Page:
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To A Friend
I once met a flower afraid of the light,
who cowered in the shade of all things bright,
any trace of whatever was right because she could only see the wrong —
in herself, that is, even though she was a song,
a beautiful story, not necessarily long,
but filled with the glory of “strong” itself—
shelf the gory details.
Strife of tales produced a veil of life
Introduced the dull knife of a razor,
since they never did raise her quite like they should have.
Her paths could move mountains,
but they counted her misunderstood
good riddance to the girl who never really would
amount to anything—
anything but love,
anything but the stars above.
All of my scars were free of blood
because of her embrace.
Her face was a painting,
was capable of tainting the strain around her
with the grounded existence of peace.
The screaming never ceased
but whenever she was near
I could not hear anything but the beaming of her heartbeat.
The seemingly defeated was able to care
was able to share the burden
of unheard words.
She couldn’t see her worth,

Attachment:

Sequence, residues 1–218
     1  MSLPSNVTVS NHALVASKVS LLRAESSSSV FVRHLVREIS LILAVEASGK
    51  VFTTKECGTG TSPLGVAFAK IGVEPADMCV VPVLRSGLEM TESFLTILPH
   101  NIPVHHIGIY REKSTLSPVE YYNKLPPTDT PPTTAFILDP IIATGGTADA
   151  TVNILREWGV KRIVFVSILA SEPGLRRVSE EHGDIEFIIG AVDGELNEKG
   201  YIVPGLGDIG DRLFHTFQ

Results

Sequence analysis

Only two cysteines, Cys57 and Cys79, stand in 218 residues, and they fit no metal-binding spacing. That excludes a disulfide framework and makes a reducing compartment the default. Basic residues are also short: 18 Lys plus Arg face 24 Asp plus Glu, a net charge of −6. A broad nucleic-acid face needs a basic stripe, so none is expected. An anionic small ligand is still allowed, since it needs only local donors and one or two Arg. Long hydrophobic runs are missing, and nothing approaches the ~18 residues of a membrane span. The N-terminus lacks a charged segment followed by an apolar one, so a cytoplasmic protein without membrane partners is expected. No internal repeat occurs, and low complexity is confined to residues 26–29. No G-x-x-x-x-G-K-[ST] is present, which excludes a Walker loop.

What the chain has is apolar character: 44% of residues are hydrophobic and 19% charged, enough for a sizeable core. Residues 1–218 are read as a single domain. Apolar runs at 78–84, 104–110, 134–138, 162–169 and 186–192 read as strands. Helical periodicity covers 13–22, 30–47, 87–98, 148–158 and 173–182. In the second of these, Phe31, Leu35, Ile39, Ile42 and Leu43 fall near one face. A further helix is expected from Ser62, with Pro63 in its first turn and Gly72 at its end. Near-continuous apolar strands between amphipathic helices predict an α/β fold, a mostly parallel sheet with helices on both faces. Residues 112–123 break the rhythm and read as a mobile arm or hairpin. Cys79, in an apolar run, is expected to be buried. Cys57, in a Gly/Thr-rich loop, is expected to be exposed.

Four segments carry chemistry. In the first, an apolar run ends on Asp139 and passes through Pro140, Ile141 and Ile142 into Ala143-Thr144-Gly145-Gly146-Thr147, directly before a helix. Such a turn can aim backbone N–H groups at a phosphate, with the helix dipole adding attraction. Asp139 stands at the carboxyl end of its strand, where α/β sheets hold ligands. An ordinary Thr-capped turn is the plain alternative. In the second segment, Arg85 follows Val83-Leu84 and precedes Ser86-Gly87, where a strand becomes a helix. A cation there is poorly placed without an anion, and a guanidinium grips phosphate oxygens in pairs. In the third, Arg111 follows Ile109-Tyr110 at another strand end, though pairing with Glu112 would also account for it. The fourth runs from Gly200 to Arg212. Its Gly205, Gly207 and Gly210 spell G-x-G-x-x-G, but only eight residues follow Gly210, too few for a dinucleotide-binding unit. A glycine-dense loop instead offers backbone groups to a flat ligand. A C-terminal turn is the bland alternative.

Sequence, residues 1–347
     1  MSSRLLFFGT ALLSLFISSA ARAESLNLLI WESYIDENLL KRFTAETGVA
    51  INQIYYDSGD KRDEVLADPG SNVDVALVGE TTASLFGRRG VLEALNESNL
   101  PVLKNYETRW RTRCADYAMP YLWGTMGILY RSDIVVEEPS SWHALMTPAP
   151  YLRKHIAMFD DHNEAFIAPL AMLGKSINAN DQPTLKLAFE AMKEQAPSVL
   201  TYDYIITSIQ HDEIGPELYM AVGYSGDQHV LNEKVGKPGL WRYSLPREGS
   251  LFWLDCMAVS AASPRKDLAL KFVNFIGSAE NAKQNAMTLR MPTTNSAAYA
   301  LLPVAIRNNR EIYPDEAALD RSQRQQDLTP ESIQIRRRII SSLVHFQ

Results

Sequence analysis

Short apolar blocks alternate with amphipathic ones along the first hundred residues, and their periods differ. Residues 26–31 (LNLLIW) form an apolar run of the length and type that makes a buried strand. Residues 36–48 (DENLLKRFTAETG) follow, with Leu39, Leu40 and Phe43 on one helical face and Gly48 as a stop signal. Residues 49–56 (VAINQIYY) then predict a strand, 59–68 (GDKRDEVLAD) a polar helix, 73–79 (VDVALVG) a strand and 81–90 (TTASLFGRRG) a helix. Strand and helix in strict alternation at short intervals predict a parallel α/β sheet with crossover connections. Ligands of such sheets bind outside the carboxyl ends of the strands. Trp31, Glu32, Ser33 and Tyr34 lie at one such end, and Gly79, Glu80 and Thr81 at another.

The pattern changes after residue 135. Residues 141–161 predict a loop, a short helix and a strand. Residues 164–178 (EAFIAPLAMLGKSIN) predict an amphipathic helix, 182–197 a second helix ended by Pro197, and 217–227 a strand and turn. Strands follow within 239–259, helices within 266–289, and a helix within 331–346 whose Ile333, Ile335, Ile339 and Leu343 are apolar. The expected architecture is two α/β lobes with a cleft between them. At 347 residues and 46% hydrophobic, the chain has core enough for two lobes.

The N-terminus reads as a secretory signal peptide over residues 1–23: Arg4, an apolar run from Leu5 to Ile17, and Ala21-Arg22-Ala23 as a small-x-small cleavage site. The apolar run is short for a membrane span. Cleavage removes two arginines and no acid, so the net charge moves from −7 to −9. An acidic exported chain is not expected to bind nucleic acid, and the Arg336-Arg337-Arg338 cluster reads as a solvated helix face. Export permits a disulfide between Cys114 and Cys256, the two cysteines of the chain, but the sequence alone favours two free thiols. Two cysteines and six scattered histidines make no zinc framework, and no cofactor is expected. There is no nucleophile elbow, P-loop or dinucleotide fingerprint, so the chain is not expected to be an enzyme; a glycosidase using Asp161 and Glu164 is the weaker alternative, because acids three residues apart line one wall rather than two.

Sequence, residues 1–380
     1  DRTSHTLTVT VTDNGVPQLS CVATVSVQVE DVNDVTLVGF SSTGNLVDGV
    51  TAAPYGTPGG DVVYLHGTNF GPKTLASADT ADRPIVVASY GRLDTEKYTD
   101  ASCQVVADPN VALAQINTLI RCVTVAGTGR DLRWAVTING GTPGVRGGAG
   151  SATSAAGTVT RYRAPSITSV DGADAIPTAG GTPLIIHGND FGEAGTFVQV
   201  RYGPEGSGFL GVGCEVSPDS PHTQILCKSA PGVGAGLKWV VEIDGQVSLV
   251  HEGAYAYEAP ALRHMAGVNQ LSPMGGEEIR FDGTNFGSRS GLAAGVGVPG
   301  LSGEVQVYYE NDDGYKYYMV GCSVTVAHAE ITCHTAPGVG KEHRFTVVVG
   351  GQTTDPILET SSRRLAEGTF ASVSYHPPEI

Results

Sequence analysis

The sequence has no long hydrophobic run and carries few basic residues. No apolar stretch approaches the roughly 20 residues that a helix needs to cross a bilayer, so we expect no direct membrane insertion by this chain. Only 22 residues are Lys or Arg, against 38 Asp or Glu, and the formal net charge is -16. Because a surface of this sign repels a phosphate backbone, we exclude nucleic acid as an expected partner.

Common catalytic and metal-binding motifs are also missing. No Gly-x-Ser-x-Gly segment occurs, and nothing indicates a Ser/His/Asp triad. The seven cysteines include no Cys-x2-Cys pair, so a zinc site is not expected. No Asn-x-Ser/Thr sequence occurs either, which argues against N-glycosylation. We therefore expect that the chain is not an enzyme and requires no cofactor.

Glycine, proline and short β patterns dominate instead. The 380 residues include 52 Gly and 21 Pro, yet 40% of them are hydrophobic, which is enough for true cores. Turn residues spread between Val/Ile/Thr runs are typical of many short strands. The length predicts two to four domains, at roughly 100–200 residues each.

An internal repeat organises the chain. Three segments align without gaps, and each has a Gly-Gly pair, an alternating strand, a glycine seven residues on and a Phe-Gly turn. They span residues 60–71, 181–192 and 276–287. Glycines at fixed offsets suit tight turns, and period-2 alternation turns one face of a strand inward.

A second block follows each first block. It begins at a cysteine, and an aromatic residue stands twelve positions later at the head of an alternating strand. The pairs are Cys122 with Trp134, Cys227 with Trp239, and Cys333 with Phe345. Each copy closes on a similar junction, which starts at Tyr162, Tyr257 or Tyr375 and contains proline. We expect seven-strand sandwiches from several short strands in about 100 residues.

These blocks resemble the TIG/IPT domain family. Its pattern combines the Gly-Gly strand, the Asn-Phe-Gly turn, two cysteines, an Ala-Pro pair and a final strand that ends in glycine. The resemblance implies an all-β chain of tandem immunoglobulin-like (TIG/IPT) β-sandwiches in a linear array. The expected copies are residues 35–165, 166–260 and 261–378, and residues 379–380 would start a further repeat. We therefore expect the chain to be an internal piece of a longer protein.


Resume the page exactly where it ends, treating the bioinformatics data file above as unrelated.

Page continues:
but I could, and I did.
I saw her hidden in the woods,
saw the bleeding of her skin,
the needing to “be”
and to never have “been.”
I felt her confusion
welted into an illusion that nobody cared.
How scared she was,
unaware of all she’d done for us,
all we’d become because of her beauty.
I wanted her to see what was in front of her,
to be confident of our love
and that we’d never leave,
get rid of her,
that she shouldn’t believe
I would go anywhere—
that I would be anywhere
without her guidance.
Without her alliance, I would be lost.
She made me smile, no matter the cost,
all the while faught mile by mile
I wanted to tell her.
I wanted her to know.
I could never truly show what she’d done for me,
would never make her see
that the time she’d been spending,
the warmth she’d been spreading,
embedding in the hugs she’d wrap me in,
meant more than what “could have been;”
and that the crappy life she’d been attending,
it could never take away